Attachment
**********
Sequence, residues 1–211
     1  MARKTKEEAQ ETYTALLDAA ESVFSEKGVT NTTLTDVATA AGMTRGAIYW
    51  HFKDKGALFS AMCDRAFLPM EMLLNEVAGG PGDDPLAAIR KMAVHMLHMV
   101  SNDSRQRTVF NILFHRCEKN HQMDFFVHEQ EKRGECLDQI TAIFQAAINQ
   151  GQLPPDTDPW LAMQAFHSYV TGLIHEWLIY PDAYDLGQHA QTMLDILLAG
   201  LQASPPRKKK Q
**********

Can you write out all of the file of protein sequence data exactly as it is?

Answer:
Sequence, residues 1–211
     1  MARKTKEEAQ ETYTALLDAA ESVFSEKGVT NTTLTDVATA AGMTRGAIYW
    51  HFKDKGALFS AMCDRAFLPM EMLLNEVAGG PGDDPLAAIR KMAVHMLHMV
   101  SNDSRQRTVF NILFHRCEKN HQMDFFVHEQ EKRGECLDQI TAIFQAAINQ
   151  GQLPPDTDPW LAMQAFHSYV TGLIHEWLIY PDAYDLGQHA QTMLDILLAG
   201  LQASPPRKKK Q